This skull has no magical ability that it can impart to its user, but it can speak, and has Ruan the Flamingo's memories of his past and his punishment. Memories of his punishment are more immediate and so he tends to encourage everyone to live by the Dehuan virtues, lest they suffer his fate. He can also tell people about the time of Sunan and Bao. But more than that, he is a master craftsmen and can advise anyone trying to create powerful objects. 

Saturday, February 17, 2018


Last night on the podcast we finished up our Brave Archer discussion with Brave Archer 3 (we may continue with Brave Archer and His Mate at a later date). This is the story of Guo Jing and Huang Rong, a classic heroic couple from the outstanding Legend of Condor Heroes novels.

Also, Kenny and I have been going through the Return of Condor Heroes novels, discussing five chapters every episode. This is the sequel to Legend of Condor Heroes.

Friday, February 16, 2018


At Wuxia World, you can follow the story of Sunan and Bao in the Legends of Ogre Gate series by Deathblade. The latest chapter is available HERE. If you want to start from the beginning, check out the INDEX.

This ancient hemp sack and long hemp cord, once belonged to Du Qian. They seem plain and ordinary. However, they can be used by someone with good Karma (+2 or greater) to capture Jiangshi and similar creatures (the full range allowable is up to the GM). When used against Jiangshi, the cord is infused with a powerful violet energy, and the sack enlarges. The cord can be used with the Light Melee Skill to grab a Jiangshi up to 15 feet away. Roll Light Melee against Evade and on a success, the cord gets it in a Restrain. Once restrained, if you place the sack near the creature, it opens wide and pulls the Jiangshi inside. Then if the bag is wrapped tight with the cord, the monster will remain trapped there for ten years (or until the cord is untied). 

Wednesday, February 14, 2018


At Wuxia World, you can follow the story of Sunan and Bao in the Legends of Ogre Gate series by Deathblade. The latest chapter is available HERE. If you want to start from the beginning, check out the INDEX.

According to legend this ornate branch of coral was originally from the lowest depths of the oceans where Mount Zhizhu cradles the deep waters. It looks like normal coral but appears to be jade. It was said to have a special resonance with Mount Zhizhu. One of the most powerful artifacts in Qi Xien, it was sealed in a mountain centuries ago (accounts vary but some say the Timeless Master placed trapped it inside Mount Bao). The Coral has a profound ability to make anyone within 2 miles of it, happy. This may not seem like much, but it is enough to quell rebellions in cities or pacify enemies in battle. And the happiness is unusual, as it rises in intensity until it becomes a kind of insanity. Roll 6d10 against the Resolve of anyone in the presence of the coral. On a Success they are happy and content for 1d10 days. The Coral keeps working so long as it remains within 2 miles. However anyone exposed to the coral in this fashion for 1 year or more, automatically gains a Mental Affliction (WHOG, 168).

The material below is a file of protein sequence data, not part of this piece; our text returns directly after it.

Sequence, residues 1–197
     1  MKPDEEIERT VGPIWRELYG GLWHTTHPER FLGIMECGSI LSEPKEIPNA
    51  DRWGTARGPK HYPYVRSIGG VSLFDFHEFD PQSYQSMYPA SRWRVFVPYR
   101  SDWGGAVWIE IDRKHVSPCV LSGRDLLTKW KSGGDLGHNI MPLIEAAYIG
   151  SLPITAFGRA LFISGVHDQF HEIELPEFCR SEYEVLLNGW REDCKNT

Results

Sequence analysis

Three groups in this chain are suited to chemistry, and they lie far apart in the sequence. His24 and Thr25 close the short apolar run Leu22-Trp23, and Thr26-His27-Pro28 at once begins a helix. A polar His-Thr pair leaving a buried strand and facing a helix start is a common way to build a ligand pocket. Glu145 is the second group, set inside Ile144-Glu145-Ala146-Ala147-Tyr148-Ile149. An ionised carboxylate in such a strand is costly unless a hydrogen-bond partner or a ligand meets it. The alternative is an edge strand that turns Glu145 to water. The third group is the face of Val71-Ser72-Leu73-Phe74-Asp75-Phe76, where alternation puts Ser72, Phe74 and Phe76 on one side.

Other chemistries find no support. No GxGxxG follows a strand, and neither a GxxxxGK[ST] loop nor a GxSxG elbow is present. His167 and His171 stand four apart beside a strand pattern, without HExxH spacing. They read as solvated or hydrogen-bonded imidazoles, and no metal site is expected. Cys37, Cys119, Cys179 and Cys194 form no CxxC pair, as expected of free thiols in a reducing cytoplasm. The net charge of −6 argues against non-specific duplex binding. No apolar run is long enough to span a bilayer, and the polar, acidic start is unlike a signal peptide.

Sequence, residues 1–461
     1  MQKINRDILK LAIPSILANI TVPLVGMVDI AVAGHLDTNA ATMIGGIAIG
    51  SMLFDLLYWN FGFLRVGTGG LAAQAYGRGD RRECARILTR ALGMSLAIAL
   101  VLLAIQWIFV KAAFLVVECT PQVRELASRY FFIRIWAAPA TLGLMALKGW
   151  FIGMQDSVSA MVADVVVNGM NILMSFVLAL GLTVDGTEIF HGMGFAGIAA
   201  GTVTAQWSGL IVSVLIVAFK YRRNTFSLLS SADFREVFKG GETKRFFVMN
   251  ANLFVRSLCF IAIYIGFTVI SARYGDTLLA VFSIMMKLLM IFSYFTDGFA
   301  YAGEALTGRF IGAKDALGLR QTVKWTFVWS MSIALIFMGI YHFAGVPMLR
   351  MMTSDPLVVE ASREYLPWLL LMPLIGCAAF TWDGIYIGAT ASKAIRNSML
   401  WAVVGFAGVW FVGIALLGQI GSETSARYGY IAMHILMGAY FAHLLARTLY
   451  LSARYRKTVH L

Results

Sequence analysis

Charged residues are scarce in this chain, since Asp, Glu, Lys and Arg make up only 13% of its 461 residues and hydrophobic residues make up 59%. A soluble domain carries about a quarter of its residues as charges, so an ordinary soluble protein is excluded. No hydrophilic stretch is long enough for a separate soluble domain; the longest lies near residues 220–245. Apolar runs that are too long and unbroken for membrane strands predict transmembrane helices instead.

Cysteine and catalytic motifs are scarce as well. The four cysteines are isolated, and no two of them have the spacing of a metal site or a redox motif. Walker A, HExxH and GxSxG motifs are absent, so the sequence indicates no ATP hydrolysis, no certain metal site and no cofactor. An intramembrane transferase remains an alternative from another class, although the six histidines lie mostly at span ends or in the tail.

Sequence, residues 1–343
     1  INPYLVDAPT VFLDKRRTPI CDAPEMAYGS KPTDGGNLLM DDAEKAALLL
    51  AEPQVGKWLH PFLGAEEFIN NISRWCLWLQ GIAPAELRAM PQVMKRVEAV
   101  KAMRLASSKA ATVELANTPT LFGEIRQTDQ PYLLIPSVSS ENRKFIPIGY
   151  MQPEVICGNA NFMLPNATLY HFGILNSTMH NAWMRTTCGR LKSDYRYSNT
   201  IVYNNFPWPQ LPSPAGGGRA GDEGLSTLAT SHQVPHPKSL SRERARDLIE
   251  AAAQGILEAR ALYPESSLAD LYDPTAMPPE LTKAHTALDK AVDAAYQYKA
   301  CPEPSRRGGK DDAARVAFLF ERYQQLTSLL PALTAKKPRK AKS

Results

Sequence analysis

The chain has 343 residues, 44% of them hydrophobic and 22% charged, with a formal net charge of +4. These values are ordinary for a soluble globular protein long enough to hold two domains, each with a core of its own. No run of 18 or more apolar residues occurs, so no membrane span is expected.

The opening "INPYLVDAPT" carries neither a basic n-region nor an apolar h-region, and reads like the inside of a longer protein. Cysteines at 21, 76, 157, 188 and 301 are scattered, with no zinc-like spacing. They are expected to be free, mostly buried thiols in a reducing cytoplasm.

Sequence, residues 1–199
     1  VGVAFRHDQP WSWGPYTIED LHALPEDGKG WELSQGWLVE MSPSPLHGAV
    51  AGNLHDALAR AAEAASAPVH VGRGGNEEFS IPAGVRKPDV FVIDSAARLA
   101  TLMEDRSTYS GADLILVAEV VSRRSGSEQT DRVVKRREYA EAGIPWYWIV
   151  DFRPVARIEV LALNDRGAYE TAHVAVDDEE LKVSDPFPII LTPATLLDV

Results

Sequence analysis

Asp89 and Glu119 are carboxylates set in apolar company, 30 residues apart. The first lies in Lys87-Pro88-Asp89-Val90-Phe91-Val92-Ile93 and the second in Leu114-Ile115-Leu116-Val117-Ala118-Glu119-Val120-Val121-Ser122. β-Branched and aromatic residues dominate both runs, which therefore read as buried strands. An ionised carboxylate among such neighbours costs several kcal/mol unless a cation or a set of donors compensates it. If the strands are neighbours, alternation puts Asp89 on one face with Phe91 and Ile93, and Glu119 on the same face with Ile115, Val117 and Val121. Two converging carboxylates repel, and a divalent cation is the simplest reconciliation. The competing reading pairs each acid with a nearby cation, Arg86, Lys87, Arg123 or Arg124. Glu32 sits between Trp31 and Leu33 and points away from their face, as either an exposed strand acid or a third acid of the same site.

Tuesday, February 13, 2018


I know it has been a while since we've posted on Disposable Disciples. I've been working on a few things and wasn't able to post logs regularly. Originally I had planned to do a recap log, but instead I decided to start recording and posting sessions. Occasionally I may mix in recaps. This is the 80th session of the Disposable Disciples campaign. This is the most open, free-form sandbox of Ogre Gate.

Monday, February 12, 2018


Here is last week's podcast recording of our Lady Eighty Seven campaign. This is a campaign I am running in Fan Xu province (part of the empire in the Wandering Heroes of Ogre Gate Setting). 

This campaign is forming the content of an upcoming book (probably just called Lady Eighty Seven or Sons of Lady Eighty Seven) that will provide the groundwork for people to run their own campaign. 


At Wuxia World, you can follow the story of Sunan and Bao in the Legends of Ogre Gate series by Deathblade. The latest chapter is available HERE. If you want to start from the beginning, check out the INDEX.

This manual contains a technique called Diamond Body Stone Mind Technique. It is believed to have once belonged to Li Buwei but was lost toward the end of the Era of the Demon Emperor. It is not believed Li Buwei himself knew the technique, merely that he had the manual in his possession.